I am so proud our TEDxCCSU team gave me the go ahead to recruit an all women cast this year. In two weeks time I'll post the links to their talks. Get ready, we are shaking the tree...it's woman's day.
Nell Noddings is a larger than life author and Feminist Educator. She said: "We will not find the solution to problems of violence, alienation, ignorance, and unhappiness in increasing our security, imposing more tests, punishing schools for their failure to produce 100 percent proficiency, or demanding that teachers be knowledgeable in the subjects they teach. Instead, we must allow teachers and students to interact as whole persons, and we must develop policies that treat the school as a whole community." 

 

In selecting our TEDx talkers this year I reread and reflected on the writings of Nell Noddings often. I reached out to Women whose work speaks for itself much like Noddings work speaks to me.
Dr. Denny Taylor introduced Nell to me some 22 years ago. She was a visiting scholar, and I was a doctoral student at the University of Arizona.  She was simply amazing. One of those teachers who inspires and moves her students to risk stepping outside their comfort zones. I am blessed by her lessons. Denny is speaking tonight, and like Nell Noddings her work is profoundly rooted in caring for children, parents, public schools, and our planet. I want Denny to know I still read Nell Noddings, and my teaching is inspired by caring for everyone who walks through this world. You don't need to be my student for me to care for you. I am my brothers and sisters keeper, and they are my keepers.


You don't have to be a rocket scientist to know our current legislators, policy makers, and education reformers are male driven reforms. NCLB, RTTT, and ESSA have already failed our children, their parents and teachers, and our public schools. The data of the past 14 years clearly points to their male driven models of rigor, tough love, and choice without equity as the biggest education reform failures in the history of public education. They have done great harm to a whole generation, and now with ESSA they are harming another. We can stand by and watch, or we can meet the challenge to care enough to enter the arena of change like tonight's TEDxCCSU talkers.

SO WAKE UP legislators, policy makers, and so called education reformers, you have already failed us. Choice without equity, rigor without out compassion, and the inhumanity of Test And Punish polices have always failed children. Nell Noddings, pointed out that our greatest challenge in public education is not tougher standards and more rigorous tests. The biggest challenge in our public schools is create a public school system that is deeply rooted in caring for those we teach, their teachers, each other, and our world. Children deserve education reforms rooted in caring.
Shaking the tree, it's women's day at TEDxCSSU,
Jesse The Walking Man Turner


If you want to listen to what this walking man listened to on his walk over the mountain this morning
https://www.youtube.com/watch?v=3_Q79lls1f0 



Wednesday, October 5, 2016

The Dissent Of A Giant: American Can Do Better



In my school days we began every day with these words "I pledge allegiance to the flag of the United States of America, and to the republic for which it stands, one nation under God, indivisible, with liberty and justice for all." Some might call it indoctrination, but for me it planted the aspiration of justice that drives my activism today. I still remember that pledge, I still remember placing my hand over my heart. Despite every injustice in our nation today I still believe in liberty and justice for all. It drives my every action. There were giants once on our United States Supreme Court. Thurgood Marshall was one of them. Justice Marshall said: "I wish I could say that racism and prejudice were only distant memories. We must dissent from the indifference. We must dissent from the apathy. We must dissent from the fear, the hatred and the mistrust…We must dissent because America can do better, because America has no choice but to do better.”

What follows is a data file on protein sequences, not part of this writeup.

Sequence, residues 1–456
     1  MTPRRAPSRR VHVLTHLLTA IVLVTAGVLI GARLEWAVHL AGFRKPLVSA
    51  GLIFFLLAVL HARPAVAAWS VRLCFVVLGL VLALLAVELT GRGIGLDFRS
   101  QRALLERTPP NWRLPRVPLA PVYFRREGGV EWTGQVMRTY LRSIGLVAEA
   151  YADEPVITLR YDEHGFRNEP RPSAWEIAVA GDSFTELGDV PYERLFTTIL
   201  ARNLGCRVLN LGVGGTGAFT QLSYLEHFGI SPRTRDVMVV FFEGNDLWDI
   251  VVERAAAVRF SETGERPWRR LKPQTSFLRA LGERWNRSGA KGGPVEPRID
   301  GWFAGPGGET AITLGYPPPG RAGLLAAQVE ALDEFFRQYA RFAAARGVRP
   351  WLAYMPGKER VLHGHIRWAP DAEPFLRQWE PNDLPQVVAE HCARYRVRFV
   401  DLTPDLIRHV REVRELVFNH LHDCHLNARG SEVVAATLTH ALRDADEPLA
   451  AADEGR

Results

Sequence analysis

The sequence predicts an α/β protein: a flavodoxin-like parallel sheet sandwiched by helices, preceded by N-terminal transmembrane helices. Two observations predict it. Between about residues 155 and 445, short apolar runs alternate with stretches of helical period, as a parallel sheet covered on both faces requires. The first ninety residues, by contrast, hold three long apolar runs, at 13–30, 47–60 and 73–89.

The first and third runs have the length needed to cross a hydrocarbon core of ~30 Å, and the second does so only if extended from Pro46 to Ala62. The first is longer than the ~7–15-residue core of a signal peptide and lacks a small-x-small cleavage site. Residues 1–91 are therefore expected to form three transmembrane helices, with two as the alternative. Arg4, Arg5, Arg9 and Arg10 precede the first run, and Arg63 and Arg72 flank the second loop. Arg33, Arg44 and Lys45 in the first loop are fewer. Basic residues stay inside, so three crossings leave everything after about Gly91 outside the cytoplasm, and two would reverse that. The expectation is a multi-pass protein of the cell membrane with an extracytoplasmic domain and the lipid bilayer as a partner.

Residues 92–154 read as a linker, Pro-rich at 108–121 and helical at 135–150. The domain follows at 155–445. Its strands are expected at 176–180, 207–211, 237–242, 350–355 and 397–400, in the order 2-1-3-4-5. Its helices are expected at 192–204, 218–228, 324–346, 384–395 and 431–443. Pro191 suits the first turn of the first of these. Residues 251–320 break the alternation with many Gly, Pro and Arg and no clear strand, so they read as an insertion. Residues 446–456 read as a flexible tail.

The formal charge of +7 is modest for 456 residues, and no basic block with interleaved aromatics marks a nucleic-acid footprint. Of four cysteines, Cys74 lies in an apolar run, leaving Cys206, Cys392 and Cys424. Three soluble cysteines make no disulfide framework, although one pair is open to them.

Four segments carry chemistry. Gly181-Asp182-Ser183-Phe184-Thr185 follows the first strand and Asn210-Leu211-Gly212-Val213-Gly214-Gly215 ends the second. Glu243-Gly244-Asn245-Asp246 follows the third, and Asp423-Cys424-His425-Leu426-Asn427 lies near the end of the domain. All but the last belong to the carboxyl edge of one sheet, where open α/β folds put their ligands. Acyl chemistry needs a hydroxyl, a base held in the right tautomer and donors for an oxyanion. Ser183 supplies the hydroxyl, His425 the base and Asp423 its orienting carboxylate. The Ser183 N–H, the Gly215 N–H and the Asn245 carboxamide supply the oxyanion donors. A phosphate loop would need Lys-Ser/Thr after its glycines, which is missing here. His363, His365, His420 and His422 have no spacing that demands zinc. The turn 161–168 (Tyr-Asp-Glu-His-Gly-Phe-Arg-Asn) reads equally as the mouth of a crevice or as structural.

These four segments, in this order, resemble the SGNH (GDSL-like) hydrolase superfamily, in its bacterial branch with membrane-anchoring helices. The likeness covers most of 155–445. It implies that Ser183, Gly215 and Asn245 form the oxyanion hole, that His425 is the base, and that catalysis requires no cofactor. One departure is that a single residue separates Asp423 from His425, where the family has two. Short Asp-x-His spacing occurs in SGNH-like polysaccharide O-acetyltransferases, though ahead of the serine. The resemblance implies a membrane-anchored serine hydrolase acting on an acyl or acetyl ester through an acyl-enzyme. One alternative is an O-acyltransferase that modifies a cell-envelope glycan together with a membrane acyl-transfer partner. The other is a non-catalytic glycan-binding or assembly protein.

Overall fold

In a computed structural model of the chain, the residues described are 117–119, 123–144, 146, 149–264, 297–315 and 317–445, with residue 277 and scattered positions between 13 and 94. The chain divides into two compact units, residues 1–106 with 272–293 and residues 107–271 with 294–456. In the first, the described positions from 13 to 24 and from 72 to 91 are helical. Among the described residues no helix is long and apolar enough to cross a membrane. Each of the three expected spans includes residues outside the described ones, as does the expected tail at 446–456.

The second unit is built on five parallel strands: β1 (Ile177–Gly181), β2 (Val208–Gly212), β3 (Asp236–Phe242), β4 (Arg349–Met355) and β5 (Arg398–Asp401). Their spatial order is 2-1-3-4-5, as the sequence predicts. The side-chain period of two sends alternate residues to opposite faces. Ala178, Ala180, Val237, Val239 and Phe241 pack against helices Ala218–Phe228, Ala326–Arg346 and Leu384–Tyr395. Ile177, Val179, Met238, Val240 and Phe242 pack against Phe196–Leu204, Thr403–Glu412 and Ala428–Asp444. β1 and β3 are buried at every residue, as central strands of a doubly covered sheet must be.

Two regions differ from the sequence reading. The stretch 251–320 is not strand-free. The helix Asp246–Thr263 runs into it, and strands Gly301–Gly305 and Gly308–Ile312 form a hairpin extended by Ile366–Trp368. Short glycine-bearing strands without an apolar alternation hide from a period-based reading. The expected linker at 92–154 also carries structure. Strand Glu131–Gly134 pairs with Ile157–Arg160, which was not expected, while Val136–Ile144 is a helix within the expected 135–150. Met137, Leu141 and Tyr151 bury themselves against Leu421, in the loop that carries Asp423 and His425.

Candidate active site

Isn't his "We Must Dissent" from apathy, because America has can do better more relevant today than ever before? Isn't his call to dissent a moral call to action to a people who care about justice for all Americans? Isn't not answering the call the immoral choice of a people who don't care about justice for all.

We must dissent, because America,
Can do better in our public schools,
Can do better in our courts,
Can do better in our health care system,
Can do better in our policing,

Can do better for our veterans,
Can do better for the poor,
Can do better for the unemployed,
Can do better for elderly,

Can do better on race,
Can do better on economic justice,
Can do better on housing,
Can do better on keeping jobs here in America,
Can do better on ensuring a living wage for all,
Can do better on tax fairness.
America can do better, because America has no choice.

Shout on every street corner in the land, whisper it in every hamlet, bang your pops and pans, ring every bell America Can Do Better, Because America has no choice.
Call me one of Thurgood Marshall's voices of dissent,
Jesse The Walking Turner


If you like to hear the tune I was listening to on my walk this morning...its Marvin Gay's "what going on" > https://www.youtube.com/watch?v=H-kA3UtBj4M&list=PL9990A304B567F94C&index=47 <